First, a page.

Answering the questions

Most questions (if an address was given) were answered by a letter with the signature of a senior physician. Written letters were provided for reasons of patient confidentiality. This letter contained the name of the contact person with fax and telephone number. When the address was not given, the question was answered by e-mail. In urgent cases a telephone call was performed.

According to our opinion it was possible to answer 77 questions (27.6%) completely and sufficiently with a few sentences. 168 questions of patients or consumers (60.2%) were answered by giving advice and encouraging the person to contact a dermatologist or allergist. In 20 cases (7.2%) only the consultation of a dermatologist or allergist was recommended. In a total of 20 cases (6.5%) documents (copies of textbook pages, diet sheets, patients´ information leaflets etc.) were sent.

About 10 times we received an additional query from a person after they had received our response.

TopicsFrequency (n)
Food allergy and intolerances29
Hay fever/respiratory atopy25
Atopic eczema12
Contact dermatitis11
Palmoplantar eczema8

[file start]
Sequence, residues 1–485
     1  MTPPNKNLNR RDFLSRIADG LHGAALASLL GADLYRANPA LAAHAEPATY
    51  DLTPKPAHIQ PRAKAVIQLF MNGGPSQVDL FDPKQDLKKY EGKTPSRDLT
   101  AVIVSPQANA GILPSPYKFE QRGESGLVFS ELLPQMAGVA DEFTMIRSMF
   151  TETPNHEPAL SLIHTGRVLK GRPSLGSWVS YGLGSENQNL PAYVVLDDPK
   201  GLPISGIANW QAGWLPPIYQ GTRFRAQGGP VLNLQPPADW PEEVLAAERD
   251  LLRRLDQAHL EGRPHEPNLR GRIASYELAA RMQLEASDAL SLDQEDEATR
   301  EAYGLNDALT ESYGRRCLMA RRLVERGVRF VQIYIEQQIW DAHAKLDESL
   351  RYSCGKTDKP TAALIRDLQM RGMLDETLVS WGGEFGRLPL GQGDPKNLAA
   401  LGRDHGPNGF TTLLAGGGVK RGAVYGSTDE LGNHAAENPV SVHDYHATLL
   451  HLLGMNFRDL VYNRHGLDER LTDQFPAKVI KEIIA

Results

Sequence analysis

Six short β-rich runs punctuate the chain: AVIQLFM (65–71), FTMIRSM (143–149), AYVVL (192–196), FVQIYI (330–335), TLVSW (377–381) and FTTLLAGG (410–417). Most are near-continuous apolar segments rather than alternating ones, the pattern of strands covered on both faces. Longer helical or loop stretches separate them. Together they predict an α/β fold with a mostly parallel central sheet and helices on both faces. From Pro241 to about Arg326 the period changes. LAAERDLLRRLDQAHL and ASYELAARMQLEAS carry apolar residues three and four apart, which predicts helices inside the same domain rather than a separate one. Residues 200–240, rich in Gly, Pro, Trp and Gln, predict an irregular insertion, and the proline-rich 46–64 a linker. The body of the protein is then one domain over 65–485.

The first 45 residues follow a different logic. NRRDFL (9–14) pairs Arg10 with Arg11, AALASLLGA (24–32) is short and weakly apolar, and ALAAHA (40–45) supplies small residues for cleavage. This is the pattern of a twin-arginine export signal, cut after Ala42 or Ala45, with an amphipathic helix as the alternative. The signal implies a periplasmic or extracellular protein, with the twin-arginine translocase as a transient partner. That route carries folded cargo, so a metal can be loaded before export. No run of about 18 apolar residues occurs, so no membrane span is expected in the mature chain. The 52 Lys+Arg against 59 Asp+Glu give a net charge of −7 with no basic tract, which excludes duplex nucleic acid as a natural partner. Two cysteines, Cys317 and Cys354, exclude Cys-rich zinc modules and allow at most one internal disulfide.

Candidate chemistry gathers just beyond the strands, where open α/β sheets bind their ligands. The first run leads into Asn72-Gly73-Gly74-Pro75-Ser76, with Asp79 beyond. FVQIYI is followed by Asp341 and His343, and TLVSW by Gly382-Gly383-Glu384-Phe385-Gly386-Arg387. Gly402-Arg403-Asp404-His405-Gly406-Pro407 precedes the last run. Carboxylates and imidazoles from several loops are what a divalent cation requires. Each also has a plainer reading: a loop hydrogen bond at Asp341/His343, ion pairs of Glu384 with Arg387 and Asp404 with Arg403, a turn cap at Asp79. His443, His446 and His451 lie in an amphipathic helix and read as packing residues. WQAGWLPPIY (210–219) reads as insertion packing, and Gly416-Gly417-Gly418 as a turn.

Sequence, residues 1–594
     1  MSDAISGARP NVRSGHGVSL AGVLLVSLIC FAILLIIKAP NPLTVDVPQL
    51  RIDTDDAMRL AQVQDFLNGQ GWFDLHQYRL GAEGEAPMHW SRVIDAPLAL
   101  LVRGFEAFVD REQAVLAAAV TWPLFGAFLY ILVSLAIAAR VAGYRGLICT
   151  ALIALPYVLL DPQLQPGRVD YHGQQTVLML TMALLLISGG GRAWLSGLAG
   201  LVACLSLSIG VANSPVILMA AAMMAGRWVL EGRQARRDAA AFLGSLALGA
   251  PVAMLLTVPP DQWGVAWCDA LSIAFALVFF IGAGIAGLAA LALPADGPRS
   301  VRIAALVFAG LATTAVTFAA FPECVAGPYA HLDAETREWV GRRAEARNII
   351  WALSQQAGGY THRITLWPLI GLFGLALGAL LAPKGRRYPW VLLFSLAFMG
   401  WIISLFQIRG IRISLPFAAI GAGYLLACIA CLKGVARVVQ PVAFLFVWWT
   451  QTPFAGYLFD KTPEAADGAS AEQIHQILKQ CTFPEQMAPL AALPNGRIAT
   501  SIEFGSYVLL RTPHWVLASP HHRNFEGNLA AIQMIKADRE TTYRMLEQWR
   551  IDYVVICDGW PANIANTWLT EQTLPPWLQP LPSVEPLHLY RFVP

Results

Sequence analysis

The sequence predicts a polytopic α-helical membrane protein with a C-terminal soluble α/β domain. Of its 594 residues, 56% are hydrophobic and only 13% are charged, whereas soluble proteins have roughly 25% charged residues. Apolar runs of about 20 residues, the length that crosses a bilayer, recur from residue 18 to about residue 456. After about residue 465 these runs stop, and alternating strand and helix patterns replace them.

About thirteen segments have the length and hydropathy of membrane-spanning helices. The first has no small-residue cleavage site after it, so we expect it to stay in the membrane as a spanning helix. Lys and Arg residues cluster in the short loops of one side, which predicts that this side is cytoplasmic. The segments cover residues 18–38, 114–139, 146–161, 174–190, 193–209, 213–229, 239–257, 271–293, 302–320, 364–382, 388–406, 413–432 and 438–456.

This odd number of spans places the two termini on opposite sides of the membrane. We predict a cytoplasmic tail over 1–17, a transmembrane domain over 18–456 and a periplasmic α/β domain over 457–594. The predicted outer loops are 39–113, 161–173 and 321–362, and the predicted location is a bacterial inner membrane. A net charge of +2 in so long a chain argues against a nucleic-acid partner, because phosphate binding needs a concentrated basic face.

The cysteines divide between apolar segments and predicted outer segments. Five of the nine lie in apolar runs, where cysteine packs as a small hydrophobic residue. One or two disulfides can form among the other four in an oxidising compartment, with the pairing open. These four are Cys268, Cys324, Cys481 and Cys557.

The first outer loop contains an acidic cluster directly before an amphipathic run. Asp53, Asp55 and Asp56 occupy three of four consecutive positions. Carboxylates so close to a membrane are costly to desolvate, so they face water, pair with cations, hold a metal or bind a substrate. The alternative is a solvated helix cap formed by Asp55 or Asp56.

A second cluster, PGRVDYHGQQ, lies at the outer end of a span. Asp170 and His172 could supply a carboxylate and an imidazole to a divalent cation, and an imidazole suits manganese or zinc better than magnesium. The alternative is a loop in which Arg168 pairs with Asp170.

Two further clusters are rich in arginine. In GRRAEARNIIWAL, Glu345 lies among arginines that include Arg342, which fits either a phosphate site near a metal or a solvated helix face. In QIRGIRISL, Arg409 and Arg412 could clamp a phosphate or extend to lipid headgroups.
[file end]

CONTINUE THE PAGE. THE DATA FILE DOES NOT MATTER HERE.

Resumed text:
Insect venom allergy3
Other allergological topics29
Other dermatological topics80
Table: Distribution of dermatological and
allergological topics asked by laypersons.


This study analyzed 310 e-mails from patients, consumers or physicians seeking information about dermatological and/or allergological problems through the homepage of our department.

It was surprising that nearly half of the questions dealt with allergological problems underlining the importance of this field in the general population. This may be due on the one hand to the high prevalence of these diseases, or on the other hand, to dissatisfaction with the available treatments. In contrast, other very common diseases like psoriasis were rarely addressed. This may also reflect the composition of internet users, mainly consisting of younger persons with university education [7], who tend to have more allergological problems [8,9]. However, the sample size was too small to draw detailed conclusions of this nature.